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Thomas Krantz
Aug 12, 2010
(1 votes)

Insert EPiServer page properties into CSS-files with EPiCssModifier

Have you ever wanted to replace hard wired image urls in your css files with images selected from EPiServer? That is, without using inline css in your templates.

Usually, your css may look something like:


You want to let the editors pick the image for the logo, right?

If you’re using PageTypeBuilder – which you should – then it’s only a matter of adding a property attribute to your page type class. Like so:


The CssFragment attribute in the property declaration means that you want to replace /ui/gfx/logo.png in all css-files with whatever value LogoImage contains.

What happens when you render the page is that the css links are modified slightly. This is your original css link:


Instead, it will render:


Note the appended query string to the css link.

Then a http handler will catch the request to the css-file and do a simple search and replace based on the query string parameters. The result will be a css that looks like this:



1. EPiServer CMS 6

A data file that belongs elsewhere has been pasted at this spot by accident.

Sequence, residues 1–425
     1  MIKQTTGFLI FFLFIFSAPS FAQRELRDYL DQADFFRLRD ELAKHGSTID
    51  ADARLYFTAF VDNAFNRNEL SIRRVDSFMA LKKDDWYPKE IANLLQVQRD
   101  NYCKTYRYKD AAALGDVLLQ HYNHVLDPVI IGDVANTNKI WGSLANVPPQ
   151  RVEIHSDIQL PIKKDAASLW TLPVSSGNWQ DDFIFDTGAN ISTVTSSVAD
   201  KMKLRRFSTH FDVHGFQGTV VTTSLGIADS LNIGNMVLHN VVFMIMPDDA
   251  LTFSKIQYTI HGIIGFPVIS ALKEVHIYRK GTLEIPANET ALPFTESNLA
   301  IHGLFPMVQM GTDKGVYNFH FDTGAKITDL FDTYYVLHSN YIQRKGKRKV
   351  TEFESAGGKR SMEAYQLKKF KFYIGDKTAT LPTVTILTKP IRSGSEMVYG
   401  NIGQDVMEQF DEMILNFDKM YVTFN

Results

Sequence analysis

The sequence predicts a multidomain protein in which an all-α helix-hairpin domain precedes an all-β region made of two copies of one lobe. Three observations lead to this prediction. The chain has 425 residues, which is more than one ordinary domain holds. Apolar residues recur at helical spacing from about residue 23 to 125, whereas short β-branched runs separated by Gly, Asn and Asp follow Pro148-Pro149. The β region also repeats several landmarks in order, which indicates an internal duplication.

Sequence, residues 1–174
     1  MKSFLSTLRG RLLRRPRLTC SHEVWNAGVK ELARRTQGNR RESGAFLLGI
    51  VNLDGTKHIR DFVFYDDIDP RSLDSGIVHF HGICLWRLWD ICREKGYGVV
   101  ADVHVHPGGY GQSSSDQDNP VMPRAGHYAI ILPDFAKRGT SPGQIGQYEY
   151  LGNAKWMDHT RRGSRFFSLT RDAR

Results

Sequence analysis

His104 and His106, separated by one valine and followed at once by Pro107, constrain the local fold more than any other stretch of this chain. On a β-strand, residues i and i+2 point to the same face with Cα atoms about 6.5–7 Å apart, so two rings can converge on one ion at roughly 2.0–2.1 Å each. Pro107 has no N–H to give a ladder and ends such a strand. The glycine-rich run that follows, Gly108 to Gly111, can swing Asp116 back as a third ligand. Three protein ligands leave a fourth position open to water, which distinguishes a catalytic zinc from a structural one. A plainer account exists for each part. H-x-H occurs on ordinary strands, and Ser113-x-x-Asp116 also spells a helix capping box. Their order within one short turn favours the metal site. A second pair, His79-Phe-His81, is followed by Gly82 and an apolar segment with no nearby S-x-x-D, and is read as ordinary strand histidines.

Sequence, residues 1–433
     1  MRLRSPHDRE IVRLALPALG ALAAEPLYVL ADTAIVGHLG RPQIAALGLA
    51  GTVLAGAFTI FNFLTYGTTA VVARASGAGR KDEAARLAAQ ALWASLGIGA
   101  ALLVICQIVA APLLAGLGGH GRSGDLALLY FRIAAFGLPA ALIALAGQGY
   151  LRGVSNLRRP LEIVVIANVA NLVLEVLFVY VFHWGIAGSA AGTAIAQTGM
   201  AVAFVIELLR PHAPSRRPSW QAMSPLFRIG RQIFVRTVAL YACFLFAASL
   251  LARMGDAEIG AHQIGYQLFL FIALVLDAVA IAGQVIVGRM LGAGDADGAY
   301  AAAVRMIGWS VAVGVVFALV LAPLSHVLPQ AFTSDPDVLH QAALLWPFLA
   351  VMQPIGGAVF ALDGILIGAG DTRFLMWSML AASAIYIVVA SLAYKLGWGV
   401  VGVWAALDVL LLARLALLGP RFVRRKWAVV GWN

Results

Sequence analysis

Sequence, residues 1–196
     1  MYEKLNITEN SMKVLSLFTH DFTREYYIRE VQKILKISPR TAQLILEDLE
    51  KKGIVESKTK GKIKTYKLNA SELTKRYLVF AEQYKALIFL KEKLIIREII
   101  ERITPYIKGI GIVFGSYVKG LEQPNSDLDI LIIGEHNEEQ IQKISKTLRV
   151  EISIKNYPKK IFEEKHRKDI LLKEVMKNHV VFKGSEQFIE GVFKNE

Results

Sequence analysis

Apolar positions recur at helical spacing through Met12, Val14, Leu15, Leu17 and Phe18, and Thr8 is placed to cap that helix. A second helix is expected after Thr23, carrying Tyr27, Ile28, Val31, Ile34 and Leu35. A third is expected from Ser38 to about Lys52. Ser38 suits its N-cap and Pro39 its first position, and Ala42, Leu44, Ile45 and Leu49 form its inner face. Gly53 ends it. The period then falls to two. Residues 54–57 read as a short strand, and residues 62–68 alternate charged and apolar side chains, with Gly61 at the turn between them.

2. PageTypeBuilder

To use:

1. Unzip, compile and drop the EPiCssModifier.dll in your /bin

2. Add this to the Web.config:


3. Voila! You’ve got yourself an inline-css free road to happiness.

Download source and binaries for EPiCssModifier

Aug 12, 2010


Ted Sep 21, 2010 10:33 AM

Great post! That's a pretty neat approach for certain theming scenarios!

Sep 21, 2010 10:33 AM

Simply brilliant. Just love it!
/ Martin Söderlund

Sep 21, 2010 10:33 AM

Really sweet, as you mentioned before today, this piece of code can be used to replace strings in JS-filed etc. aswell. WIN!
/ Robert Andersson

Sep 21, 2010 10:33 AM

Another option, to save the parsing and text replacement on each request would be to simply put your "dynamic part" of the css in the head of the master page. :-)

Thomas Krantz
Thomas Krantz Sep 21, 2010 10:33 AM

Steve: well that would be an option if you don't mind mixing in some css in your master page, but if your frontend devs only touch the css files then it's not an option. :)

Of course, there are some performance issues that need to be dealt with regarding the impact of html rewriting, parsing and text replacement etc.

Sep 21, 2010 10:33 AM

True, your solution is prettier, and easier on the front-end girls too :-) Making sure the css is cached on the client is even more important with this solution. Sep 21, 2010 10:33 AM

Thanks! Downloaded this today and using it now on a website... Works really nice! :)

David Gross
David Gross Sep 21, 2010 10:33 AM

Your my hero!

Anders Murel
Anders Murel Aug 29, 2011 09:18 AM

Morning Thomas!

The download URL is broken. Any chance you could fix it?


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